Found 1 items, similar to To cut out.
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Definition: To cut out
(out), adv. [OE. out, ut, oute, ute, AS. [=u]t, and
[=u]te, [=u]tan, fr. [=u]t; akin to D. uit, OS. [=u]t, G.
aus, OHG. [=u]z, Icel. [=u]t, Sw. ut, Dan. ud, Goth. ut, Skr.
ud. [root]198. Cf. About
, prep., Carouse
In its original and strict sense, out means from the interior
of something; beyond the limits or boundary of somethings; in
a position or relation which is exterior to something; --
opposed to in
. The something may be expressed
after of, from, etc. (see Out of
, below); or, if not
expressed, it is implied; as, he is out; or, he is out of the
house, office, business, etc.; he came out; or, he came out
from the ship, meeting, sect, party, etc. Out is used in a
variety of applications, as:
1. Away; abroad; off; from home, or from a certain, or a
usual, place; not in; not in a particular, or a usual,
place; as, the proprietor is out, his team was taken out.
Opposite of in
. “My shoulder blade is out.”
He hath been out (of the country) nine years.
2. Beyond the limits of concealment, confinement, privacy,
constraint, etc., actual or figurative; hence, not in
concealment, constraint, etc., in, or into, a state of
freedom, openness, disclosure, publicity, etc.; a matter
of public knowledge; as, the sun shines out; he laughed
out, to be out at the elbows; the secret has leaked out,
or is out; the disease broke out on his face; the book is
Leaves are out and perfect in a month. --Bacon.
She has not been out [in general society] very long.
3. Beyond the limit of existence, continuance, or supply; to
the end; completely; hence, in, or into, a condition of
extinction, exhaustion, completion; as, the fuel, or the
fire, has burned out; that style is on the way out. “Hear
Deceitful men shall not live out half their days.
--Ps. iv. 23.
When the butt is out, we will drink water. --Shak.
4. Beyond possession, control, or occupation; hence, in, or
into, a state of want, loss, or deprivation; -- used of
office, business, property, knowledge, etc.; as, the
Democrats went out and the Whigs came in; he put his money
out at interest. “Land that is out at rack rent.”
--Locke. “He was out fifty pounds.”
I have forgot my part, and I am out. --Shak.
5. Beyond the bounds of what is true, reasonable, correct,
proper, common, etc.; in error or mistake; in a wrong or
incorrect position or opinion; in a state of disagreement,
opposition, etc.; in an inharmonious relation. “Lancelot
and I are out.”
Wicked men are strangely out in the calculating of
their own interest. --South.
Very seldom out, in these his guesses. --Addison.
6. Not in the position to score in playing a game; not in the
state or turn of the play for counting or gaining scores.
7. Out of fashion; unfashionable; no longer in current vogue;
Note: Out is largely used in composition as a prefix, with
the same significations that it has as a separate word;
as outbound, outbreak, outbuilding, outcome, outdo,
outdoor, outfield. See also the first Note under
Day in, day out
, from the beginning to the limit of each of
several days; day by day; every day.
, Out in
, Out on
, etc., elliptical phrases, that
to which out refers as a source, origin, etc., being
omitted; as, out (of the house and) at the barn; out (of
the house, road, fields, etc., and) in the woods.
Three fishers went sailing out into the west,
Out into the west, as the sun went down. --C.
Note: In these lines after out may be understood, “of the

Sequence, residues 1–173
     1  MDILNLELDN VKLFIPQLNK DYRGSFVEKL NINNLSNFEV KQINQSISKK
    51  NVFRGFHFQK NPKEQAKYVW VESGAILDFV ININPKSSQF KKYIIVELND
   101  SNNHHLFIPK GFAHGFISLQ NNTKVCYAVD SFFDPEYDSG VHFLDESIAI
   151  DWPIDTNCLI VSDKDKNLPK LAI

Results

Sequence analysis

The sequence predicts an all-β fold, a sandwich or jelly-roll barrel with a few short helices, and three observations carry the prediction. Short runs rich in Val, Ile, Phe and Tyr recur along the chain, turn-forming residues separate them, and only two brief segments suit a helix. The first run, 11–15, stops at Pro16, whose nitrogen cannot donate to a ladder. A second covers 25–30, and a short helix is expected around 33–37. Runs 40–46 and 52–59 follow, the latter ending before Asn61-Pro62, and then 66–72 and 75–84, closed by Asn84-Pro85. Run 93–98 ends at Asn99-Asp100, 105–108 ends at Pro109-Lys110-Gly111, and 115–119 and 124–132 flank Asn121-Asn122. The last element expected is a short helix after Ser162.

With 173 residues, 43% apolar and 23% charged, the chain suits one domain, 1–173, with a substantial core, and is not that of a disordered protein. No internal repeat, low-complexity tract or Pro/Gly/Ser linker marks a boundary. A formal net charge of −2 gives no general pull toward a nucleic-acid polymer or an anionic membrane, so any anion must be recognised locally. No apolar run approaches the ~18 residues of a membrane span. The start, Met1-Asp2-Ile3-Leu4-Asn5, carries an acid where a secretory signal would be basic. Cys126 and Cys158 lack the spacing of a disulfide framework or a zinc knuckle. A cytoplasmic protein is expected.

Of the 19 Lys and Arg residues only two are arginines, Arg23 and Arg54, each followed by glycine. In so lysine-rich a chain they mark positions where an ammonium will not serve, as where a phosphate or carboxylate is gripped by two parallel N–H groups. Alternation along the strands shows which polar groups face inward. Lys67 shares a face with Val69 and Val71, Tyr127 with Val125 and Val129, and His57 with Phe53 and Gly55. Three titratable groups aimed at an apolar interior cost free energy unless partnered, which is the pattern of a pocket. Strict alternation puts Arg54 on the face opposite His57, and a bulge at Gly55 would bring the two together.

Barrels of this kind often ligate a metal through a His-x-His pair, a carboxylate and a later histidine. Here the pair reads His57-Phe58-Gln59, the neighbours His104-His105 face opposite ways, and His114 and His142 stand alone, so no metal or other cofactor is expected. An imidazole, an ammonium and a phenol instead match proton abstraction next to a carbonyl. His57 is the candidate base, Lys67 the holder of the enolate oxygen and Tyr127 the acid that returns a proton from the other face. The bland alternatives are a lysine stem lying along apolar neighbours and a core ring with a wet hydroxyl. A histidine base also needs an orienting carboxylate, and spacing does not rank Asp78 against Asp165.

harbor,” “from the shore,” “of sight,”
similar phrase. The complete construction is seen in
the saying: “Out of the frying pan into the fire.”
, a construction similar to out of
, a phrase which may be considered either as composed
of an adverb and a preposition, each having its
appropriate office in the sentence, or as a compound
preposition. Considered as a preposition, it denotes, with
verbs of movement or action, from the interior of; beyond
the limit: from; hence, origin, source, motive, departure,
separation, loss, etc.; -- opposed to in
with verbs of being, the state of being derived, removed,
or separated from. Examples may be found in the phrases
below, and also under Vocabulary words; as, out of breath;
out of countenance.
Out of cess
, beyond measure, excessively. --Shak.
Out of character
, unbecoming; improper.
Out of conceit with
, not pleased with. See under Conceit
Out of date
, not timely; unfashionable; antiquated.
Out of door
, Out of doors
, beyond the doors; from the
house; not inside a building; in, or into, the open air;
hence, figuratively, shut out; dismissed. See under
, also, Out-of-door
, in the
Vocabulary. “He 's quality, and the question's out of
Out of favor
, disliked; under displeasure.
Out of frame
, not in correct order or condition; irregular;
Out of hand
, immediately; without delay or preparation;
without hesitation or debate; as, to dismiss a suggestion
out of hand. “Ananias . . . fell down and died out of
Out of harm's way
, beyond the danger limit; in a safe
Out of joint
, not in proper connection or adjustment;
unhinged; disordered. “The time is out of joint.”
Out of mind
, not in mind; forgotten; also, beyond the limit
of memory; as, time out of mind.
Out of one's head
, beyond commanding one's mental powers;
in a wandering state mentally; delirious. [Colloq.]
Out of one's time
, beyond one's period of minority or
Out of order
, not in proper order; disarranged; in
Out of place
, not in the usual or proper place; hence, not
proper or becoming.
Out of pocket
, in a condition of having expended or lost
more money than one has received.
Out of print
, not in market, the edition printed being
exhausted; -- said of books, pamphlets, etc.
Out of the question
, beyond the limits or range of
consideration; impossible to be favorably considered.
Out of reach
, beyond one's reach; inaccessible.
Out of season
, not in a proper season or time; untimely;
Out of sorts
, wanting certain things; unsatisfied; unwell;
unhappy; cross. See under Sort
Out of temper
, not in good temper; irritated; angry.
Out of time
, not in proper time; too soon, or too late.
Out of time